Lexington, Virginia

Contact Webmaster for any use of the following  photos
1989: Ed Conner, TN
2004: Jim L. Burden, TX
2006: Webmaster
2007: Brian Duckworth, NC
2008: George Petropol, VA
2010: Richard Edling, PA
2010: Lee Hohenstein, NE
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Lexington October 2010
Courtesy of Lee Hohenstein
1. Lee Chapel and Museum
2. V.M.I.
3. Stonewall Jackson Memorial Cemetery
Stonewall Jackson's Arm
5. Lexington, Virginia: History
More Links
Alexander Withrow Bldg (Jackson's Bank)
Battle of Lexington
General Elisha Paxton Grave
Governor John Letcher Grave
Jackson Death Mask
Jackson Grave  2  3  4
Jackson's House  2  3
Jackson Memorial Cemetery  2  3

Jackson's Raincoat  2
Jackson's Saddle
Jackson's Writing Desk  2
Jordan House
Jordan's Point  2
Lee Chapel  2  3  4  5
Lee-Jackson House
Lee's House at W&L University
Lee's Office  2
Liberty Hall Academy (Ruins)
Little Sorrel  2

Little Sorrel's Grave  2
Maury River
Presbyterian Church
Sandie Pendleton Grave
Traveller Grave
Virginia Military Institute  2  3  4  5  6  7
Washington & Lee University  2
William Nelson Pendleton Grave  2

(4-89Enlarge This is a frontal view of the gravesite of Lt. Gen. Thomas J. "Stonewall" Jackson, located in the Stonewall Jackson Memorial Cemetery in Lexington, VA. The statue of Stonewall Jackson was sculpted by Edward V. Valentine and dedicated July 21, 1895. Jackson and his family are buried beneath the statue.

Two Virginia governors ( John Letcher and James McDowell) are buried in this cemetery, as well as 144 Confederate veterans including Sandie Pendelton, Lee's Chief of Artillery

Photo by Ed Conner

(4-89) Enlarge Side view of Stonewall Jackson's gravesite. Jackson was originally buried about 100 feet from this location.

Visitors to the gravesite frequently leave lemons at the site, remembering Stonewall's supposed fondness for the fruit. In actuality, Jackson had no particular fondness for lemons, he ate whatever fruit was available, which frequently included lemons from captured Federal stores. His favorite fruit were peaches.

Jackson's amputated arm is buried near the Chancellorsville Battlefield at "Elmwood", the family estate of the Lacy family. The Rev. Beverly Tucker Lacy buried the arm in the family plot, which was located about a mile from the field hospital where Jackson was initially treated. The NPS now owns the property, and there is a marker noting the location of the arm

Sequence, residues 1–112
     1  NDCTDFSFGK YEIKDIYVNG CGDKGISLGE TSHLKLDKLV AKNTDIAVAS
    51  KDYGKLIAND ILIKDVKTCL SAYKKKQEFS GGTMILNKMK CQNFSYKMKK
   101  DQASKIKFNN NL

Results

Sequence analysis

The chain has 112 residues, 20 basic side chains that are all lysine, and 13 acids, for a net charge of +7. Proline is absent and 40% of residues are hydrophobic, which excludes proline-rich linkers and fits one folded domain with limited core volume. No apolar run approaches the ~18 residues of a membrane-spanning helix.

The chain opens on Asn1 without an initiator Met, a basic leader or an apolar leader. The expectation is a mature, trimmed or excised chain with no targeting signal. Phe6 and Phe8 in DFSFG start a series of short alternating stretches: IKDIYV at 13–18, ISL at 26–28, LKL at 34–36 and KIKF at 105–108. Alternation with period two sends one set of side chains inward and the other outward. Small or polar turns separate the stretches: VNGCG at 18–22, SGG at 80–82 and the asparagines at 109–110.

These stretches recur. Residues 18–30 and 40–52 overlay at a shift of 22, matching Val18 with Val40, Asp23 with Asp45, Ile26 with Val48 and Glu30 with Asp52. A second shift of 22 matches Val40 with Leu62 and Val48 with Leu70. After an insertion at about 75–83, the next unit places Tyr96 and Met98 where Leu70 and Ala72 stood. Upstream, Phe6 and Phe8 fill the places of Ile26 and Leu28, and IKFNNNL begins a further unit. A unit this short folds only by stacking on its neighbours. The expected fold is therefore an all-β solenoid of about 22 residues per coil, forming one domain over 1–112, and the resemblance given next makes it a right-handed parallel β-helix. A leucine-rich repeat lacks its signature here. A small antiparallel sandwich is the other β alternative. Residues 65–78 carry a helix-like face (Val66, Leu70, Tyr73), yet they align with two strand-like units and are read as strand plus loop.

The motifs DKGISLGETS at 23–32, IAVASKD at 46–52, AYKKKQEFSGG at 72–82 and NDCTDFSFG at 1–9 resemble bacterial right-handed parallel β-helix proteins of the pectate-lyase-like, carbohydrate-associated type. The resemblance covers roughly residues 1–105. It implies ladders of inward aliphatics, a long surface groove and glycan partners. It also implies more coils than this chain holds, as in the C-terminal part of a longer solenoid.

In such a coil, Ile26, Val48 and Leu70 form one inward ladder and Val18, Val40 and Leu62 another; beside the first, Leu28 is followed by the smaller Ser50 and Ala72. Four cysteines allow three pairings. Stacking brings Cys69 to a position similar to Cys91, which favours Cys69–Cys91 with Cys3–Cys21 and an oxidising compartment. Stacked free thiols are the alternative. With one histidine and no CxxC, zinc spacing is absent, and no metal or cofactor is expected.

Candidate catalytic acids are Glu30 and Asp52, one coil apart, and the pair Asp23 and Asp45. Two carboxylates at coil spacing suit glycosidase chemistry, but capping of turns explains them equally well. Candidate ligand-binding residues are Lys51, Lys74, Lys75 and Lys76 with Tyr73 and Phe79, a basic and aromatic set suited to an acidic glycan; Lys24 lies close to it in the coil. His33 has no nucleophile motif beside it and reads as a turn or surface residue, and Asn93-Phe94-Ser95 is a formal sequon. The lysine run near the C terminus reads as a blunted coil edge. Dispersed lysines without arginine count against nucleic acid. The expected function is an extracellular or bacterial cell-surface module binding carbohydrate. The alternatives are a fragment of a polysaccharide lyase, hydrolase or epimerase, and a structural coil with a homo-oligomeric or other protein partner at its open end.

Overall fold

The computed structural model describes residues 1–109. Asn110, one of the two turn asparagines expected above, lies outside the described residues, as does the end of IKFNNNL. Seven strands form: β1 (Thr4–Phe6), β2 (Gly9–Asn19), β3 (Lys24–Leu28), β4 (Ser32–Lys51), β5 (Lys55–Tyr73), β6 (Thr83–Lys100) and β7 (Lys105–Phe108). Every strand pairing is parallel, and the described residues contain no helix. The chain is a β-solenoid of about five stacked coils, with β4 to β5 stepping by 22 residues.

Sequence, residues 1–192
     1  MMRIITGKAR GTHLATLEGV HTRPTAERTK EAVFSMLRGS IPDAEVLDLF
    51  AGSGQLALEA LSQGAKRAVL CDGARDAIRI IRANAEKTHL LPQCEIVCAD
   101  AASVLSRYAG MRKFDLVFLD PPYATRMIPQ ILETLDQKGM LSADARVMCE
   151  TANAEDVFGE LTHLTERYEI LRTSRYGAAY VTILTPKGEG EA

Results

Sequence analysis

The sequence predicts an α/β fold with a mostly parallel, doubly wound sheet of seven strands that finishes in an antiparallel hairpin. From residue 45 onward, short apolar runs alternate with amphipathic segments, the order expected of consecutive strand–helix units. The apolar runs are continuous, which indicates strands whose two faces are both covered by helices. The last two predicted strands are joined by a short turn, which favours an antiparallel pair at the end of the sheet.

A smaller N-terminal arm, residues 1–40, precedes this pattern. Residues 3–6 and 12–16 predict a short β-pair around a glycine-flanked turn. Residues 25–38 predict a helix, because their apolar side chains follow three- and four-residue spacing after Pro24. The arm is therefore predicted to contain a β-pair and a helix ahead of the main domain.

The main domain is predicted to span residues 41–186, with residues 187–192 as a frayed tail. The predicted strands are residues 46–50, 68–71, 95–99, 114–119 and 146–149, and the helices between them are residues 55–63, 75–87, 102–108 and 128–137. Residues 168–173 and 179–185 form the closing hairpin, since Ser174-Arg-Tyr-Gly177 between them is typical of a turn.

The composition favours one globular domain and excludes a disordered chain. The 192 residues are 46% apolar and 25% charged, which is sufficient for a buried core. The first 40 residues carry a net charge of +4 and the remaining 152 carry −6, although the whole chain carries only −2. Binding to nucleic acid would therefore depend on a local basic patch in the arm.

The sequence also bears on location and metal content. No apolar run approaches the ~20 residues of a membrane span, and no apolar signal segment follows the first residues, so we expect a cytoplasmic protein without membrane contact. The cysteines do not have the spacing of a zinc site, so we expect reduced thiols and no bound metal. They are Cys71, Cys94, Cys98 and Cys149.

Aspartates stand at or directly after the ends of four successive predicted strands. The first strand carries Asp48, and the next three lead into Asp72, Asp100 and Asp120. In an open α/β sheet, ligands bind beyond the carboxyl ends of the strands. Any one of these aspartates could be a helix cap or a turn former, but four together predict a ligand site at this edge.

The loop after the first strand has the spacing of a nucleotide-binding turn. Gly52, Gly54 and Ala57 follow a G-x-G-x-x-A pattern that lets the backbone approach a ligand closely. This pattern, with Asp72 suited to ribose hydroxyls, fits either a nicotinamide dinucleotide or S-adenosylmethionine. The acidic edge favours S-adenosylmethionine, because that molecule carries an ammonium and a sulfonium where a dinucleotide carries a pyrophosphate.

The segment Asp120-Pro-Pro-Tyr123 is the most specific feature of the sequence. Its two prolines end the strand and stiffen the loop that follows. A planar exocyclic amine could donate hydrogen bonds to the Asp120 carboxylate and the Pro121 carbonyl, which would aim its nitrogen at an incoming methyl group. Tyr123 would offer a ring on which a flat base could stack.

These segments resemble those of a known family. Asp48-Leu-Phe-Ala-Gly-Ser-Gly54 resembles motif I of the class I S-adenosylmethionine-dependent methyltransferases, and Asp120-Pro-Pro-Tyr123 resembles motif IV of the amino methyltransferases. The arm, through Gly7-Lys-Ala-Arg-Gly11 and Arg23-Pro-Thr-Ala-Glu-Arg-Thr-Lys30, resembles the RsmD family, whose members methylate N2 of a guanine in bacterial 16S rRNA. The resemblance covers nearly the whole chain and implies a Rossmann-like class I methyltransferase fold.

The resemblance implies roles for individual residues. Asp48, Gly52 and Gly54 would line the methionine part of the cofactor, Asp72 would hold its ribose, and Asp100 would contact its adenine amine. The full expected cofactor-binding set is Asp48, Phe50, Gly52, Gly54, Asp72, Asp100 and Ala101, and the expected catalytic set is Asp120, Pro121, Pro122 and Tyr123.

Stonewall Jackson's Arm
Photo by Ed Conner


(7-85)  Side view of the Lee Chapel, located on the campus of Washington and Lee University, Lexington, VA.

Construction of the chapel began in 1867 at the request of Robert E. Lee during his tenure as President of Washington University. Completed in 1868, Lee attended daily services here and his office was located in the lower level.

Lee died on October 12, 1870 and was buried beneath the chapel. In 1883, an addition was made to the building which houses the famous recumbent statue of Lee by Edward Valentine. A family crypt was also constructed and Lee's remains were removed there. The crypt contains the remains of Lee, his wife, mother, father (the famous "Light-Horse" Harry Lee), all of the Lee children and other members of the Lee family

Photo by Ed Conner

(7-85) Front view of the Lee Chapel. Between the chapel and hedge to the right of the building is a series of steps leading to the lower level of the chapel and the entrance of Lee's office. Located just outside the office is a plot containing the remains of Lee's beloved warhorse, Traveller.

Traveller did not survive Lee for long; in 1871, while being exercised, Traveller stepped on a nail and developed lock-jaw, necessitating his destruction. For years, his mounted skeleton was displayed at the University. It became a custom among the students, that if you wanted a little luck in passing a particularly hard final, all you had to do was scrawl your name on Traveller's bones. Over a period of time, the skeleton became a mass of graffiti and the University had the skeleton disassembled and packed away in boxes. It was rescued by the Daughters of the Confederacy and Traveller was laid to rest close to his master

Photo by Ed Conner

(February 2008)  Side view of Lee's Chapel
Photo by George Petropol
  (February 2008)  Photo by George Petropol

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